After all, was I “worse” of a person before I learned those skills? Or am I “better” than people who don’t do personal development?

Hell no.

Nowadays, I don’t pursue personal development to become a “better person,” but simply to improve certain life skills and create better results.

To eliminate the tendency to prove myself, I regularly ask:

  • If I could never tell a single person about my achievements, would I still pursue them?
  • If my journey of self-improvement doesn’t make me a “better” person, would I still do it?

By removing my chase for an imaginary standard of excellence, I did things purely for enjoyment and love, which made it a lot easier to be happy.

5. Remove My Attachments

Some people believe they can’t be happy until they have certain things — wealth, health, relationships, possessions, etc.

But that doesn’t hold up under psychology.

When we achieve something and feel happy, we quickly adapt, and lose that happiness — we then try to achieve something else, and the cycle repeats, creating what’s called the “hedonic treadmill.”

Ultimately, if they can’t be happy without those things, then they can’t be happy with them.

That’s not to say you should never try to achieve anything in life. Instead, I try to reach goals without making my happiness depend on them—in other words, without attaching my happiness to them. It creates far more freedom, ease, and peace.

And if I ever happened to lose what I had, I won’t be as devastated because it was never the source of my happiness in the first place.

This also includes my attachment to life itself.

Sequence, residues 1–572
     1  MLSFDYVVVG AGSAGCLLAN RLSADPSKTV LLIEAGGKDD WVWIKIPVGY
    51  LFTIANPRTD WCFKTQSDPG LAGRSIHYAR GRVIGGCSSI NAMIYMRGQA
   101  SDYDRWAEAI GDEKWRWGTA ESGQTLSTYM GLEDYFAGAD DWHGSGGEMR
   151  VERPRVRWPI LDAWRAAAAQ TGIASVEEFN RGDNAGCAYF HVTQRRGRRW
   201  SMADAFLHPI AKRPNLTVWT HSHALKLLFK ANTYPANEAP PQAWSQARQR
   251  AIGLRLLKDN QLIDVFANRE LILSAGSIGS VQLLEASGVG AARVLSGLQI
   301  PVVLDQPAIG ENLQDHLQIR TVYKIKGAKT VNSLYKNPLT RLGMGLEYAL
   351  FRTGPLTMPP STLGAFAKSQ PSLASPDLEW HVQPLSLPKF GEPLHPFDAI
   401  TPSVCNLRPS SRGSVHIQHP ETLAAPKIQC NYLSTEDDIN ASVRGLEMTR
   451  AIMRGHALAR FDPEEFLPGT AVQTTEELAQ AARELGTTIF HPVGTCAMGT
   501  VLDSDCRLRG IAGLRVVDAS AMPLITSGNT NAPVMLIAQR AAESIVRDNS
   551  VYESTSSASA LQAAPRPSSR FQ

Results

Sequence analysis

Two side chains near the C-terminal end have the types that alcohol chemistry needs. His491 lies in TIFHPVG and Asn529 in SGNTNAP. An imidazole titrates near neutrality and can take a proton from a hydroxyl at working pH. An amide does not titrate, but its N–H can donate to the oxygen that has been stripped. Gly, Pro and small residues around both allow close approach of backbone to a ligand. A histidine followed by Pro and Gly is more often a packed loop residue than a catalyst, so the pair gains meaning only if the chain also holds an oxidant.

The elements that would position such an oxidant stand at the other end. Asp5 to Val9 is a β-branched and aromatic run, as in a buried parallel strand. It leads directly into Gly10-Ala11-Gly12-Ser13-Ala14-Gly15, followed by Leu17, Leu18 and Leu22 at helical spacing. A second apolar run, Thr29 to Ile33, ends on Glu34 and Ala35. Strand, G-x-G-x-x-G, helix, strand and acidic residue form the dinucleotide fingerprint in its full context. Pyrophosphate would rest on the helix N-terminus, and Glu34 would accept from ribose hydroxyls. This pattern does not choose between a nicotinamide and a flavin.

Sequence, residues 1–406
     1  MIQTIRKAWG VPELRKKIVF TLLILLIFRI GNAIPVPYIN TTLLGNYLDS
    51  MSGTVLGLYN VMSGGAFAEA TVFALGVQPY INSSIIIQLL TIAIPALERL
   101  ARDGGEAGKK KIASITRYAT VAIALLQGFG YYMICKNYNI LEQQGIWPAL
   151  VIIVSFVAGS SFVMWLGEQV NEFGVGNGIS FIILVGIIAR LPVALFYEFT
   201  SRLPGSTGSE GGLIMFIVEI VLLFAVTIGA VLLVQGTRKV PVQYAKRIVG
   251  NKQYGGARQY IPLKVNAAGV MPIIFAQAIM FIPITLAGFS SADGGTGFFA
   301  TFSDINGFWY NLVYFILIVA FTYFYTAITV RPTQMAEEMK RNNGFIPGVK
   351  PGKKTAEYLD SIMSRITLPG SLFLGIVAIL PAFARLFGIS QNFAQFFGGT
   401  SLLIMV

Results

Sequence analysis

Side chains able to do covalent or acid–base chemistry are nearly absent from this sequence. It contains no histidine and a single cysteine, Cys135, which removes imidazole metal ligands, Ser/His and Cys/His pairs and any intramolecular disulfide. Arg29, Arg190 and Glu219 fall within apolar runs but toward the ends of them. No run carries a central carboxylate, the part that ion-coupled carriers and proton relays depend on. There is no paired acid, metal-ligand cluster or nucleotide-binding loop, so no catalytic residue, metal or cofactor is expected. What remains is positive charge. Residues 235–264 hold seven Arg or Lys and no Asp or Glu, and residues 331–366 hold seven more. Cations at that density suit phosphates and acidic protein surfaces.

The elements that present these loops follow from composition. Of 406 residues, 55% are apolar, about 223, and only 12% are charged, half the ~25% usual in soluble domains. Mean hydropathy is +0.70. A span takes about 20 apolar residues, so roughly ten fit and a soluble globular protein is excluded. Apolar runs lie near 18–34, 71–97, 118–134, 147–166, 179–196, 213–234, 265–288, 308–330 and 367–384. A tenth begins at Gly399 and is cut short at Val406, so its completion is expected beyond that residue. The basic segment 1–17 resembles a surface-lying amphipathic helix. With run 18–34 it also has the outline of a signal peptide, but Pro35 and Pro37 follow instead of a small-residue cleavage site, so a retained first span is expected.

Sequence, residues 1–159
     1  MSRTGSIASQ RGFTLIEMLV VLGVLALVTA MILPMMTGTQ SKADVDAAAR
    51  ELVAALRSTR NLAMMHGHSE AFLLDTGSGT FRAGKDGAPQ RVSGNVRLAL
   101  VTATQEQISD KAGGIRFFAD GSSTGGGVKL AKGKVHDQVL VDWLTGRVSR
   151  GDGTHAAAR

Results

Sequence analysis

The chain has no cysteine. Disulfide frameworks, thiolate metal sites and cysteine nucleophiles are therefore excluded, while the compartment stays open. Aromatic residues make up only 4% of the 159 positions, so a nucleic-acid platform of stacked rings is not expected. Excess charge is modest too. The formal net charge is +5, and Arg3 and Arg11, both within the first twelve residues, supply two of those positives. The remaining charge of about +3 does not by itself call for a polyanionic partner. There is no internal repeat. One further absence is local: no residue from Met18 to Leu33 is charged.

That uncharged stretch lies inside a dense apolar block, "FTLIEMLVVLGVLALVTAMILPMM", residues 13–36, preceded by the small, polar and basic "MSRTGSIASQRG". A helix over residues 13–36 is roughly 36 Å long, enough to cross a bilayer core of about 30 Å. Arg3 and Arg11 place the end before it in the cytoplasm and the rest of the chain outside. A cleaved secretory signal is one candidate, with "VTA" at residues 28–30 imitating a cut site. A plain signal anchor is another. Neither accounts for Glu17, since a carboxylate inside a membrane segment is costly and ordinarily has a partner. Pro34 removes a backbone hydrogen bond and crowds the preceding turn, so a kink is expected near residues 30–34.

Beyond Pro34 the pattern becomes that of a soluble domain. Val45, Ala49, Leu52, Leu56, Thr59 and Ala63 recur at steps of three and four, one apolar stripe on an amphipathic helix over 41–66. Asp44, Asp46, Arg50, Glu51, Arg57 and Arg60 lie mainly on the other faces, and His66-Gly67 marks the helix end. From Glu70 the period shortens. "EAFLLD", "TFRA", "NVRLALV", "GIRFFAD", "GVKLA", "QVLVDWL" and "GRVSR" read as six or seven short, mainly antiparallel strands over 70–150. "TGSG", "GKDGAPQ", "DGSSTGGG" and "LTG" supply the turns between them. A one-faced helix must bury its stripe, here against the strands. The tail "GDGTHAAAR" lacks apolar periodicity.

Being scared of death and my mortality led me to hold onto my life with a death grip. Once I released that attachment, happiness came with it.

While some might feel that thinking about death or mortality causes sadness or “nihilism,” in reality, it can actually give people a deeper appreciation and gratitude for the joys, pleasures, and opportunities they do have.

Think about it:

  • How much more will you cherish the time you have with friends and family when you know you’ll eventually pass?
  • How much more will you enjoy doing the things you love when you know, someday, you can’t?

Even when there’s pain, anger, or sadness, realizing there’s only so much time left before I go makes life easier to enjoy.

Because happiness is always there, right in front of me.

I just need to look.

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Anthony J. Yeung

Written by

Seen in Esquire & GQ. Entrepreneur. Full-time traveler. Get my best lessons, interviews, and “5 Powerful Hacks To Upgrade Your Life” at

The Ascent

A community of storytellers documenting the journey to happiness & fulfillment. Join 120,000+ others making the climb on one of the fastest-growing pubs on Medium.

Anthony J. Yeung

Written by

Seen in Esquire & GQ. Entrepreneur. Full-time traveler. Get my best lessons, interviews, and “5 Powerful Hacks To Upgrade Your Life” at

The Ascent

A community of storytellers documenting the journey to happiness & fulfillment. Join 120,000+ others making the climb on one of the fastest-growing pubs on Medium.